The way Amos chose to depict himself was as a simple man minding his own business, tending to his farm and family, when God came barreling in with an urgent message
Amos knew what it was to scratch out an existence with the poor. He had courage, endurance, tenacity, and righteous zeal. And like his dressing knife, Amos’ tongue was sharp and to the point.
What would it be like if followers of Jesus, who walk the Way and live filled with God’s love and grace by His indwelling Spirit, were to embrace what that really means?
Part of our excursion last Saturday was to visit the once bustling and wealthy city of Magdala, where Mary of Magdala came from. It’s a beautiful settlement, made all of black basalt, which is plentiful in the Galilee from ancient volcanic activity.
…said Professor Michal Artzy of the University of Haifa, co-director of the Tel Akko Excavation, as she gave us a tour of the Tel.
My asthma had gotten the better of me yesterday–combination of lots of dust, hot sun, and exertion. So, today I stayed in the lab, and learned how to inscribe the pottery artifacts.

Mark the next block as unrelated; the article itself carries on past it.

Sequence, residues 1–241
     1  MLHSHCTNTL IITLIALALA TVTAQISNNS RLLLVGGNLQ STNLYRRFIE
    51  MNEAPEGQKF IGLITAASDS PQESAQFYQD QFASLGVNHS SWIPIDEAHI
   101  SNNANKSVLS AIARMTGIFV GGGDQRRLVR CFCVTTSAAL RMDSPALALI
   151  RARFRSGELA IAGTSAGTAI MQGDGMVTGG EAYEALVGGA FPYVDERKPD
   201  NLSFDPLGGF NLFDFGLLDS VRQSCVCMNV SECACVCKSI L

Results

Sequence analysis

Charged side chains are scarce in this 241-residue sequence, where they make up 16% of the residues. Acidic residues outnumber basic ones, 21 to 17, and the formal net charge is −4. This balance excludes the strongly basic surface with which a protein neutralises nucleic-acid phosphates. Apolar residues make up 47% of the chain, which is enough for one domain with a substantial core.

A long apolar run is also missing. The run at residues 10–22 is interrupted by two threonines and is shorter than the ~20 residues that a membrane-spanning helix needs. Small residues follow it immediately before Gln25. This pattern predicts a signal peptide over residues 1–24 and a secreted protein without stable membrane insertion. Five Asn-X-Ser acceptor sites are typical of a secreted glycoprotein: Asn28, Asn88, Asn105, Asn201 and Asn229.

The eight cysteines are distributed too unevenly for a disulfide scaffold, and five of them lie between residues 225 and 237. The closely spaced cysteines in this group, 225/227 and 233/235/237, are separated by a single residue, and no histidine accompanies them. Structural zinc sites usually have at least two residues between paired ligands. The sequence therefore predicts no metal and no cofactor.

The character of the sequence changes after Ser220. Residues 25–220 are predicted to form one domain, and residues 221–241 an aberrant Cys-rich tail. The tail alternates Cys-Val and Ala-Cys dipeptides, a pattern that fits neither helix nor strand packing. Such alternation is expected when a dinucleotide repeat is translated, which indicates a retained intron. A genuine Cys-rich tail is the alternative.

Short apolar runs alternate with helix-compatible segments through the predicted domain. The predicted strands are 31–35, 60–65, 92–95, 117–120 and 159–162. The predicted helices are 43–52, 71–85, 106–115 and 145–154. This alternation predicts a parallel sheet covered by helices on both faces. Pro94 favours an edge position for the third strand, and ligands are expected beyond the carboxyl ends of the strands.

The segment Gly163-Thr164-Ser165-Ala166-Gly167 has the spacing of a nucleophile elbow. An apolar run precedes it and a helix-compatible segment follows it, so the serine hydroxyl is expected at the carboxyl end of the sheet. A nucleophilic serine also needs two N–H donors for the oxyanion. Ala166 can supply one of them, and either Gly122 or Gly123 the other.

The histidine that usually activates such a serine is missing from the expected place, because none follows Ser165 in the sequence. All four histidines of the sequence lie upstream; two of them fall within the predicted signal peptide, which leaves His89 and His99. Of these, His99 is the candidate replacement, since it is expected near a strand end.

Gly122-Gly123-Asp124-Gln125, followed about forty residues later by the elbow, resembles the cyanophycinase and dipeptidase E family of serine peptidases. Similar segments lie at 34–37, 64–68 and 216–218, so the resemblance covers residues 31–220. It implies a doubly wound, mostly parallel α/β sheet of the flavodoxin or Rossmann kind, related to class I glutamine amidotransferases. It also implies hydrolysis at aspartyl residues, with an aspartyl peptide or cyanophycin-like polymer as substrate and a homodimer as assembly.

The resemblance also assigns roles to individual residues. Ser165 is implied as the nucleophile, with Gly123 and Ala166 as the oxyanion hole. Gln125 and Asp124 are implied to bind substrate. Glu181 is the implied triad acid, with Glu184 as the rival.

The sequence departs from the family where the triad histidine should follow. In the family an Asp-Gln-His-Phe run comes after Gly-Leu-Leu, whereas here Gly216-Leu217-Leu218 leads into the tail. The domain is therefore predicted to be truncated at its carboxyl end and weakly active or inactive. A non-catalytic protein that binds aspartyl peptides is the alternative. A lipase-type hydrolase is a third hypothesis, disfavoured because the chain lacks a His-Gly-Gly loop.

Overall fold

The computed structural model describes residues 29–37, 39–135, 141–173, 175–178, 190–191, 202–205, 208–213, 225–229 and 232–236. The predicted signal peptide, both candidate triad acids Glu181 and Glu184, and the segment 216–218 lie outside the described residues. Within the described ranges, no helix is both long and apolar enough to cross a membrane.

The first thing you have to do, to get an archaeological excavation ready, is to get all the sandbags up and out. When the excavation was closed the summer before, thousands of white cloth bags were filled with sifted earth from the dig, and placed all around the exposed areas to protect the site until the excavation could be reopened.
(Commentary on Genesis 6-11 will begin after these posts on the Tel Akko July 2019 Total Archaeology Excavation. Today’s post was actually written June 29, 2019)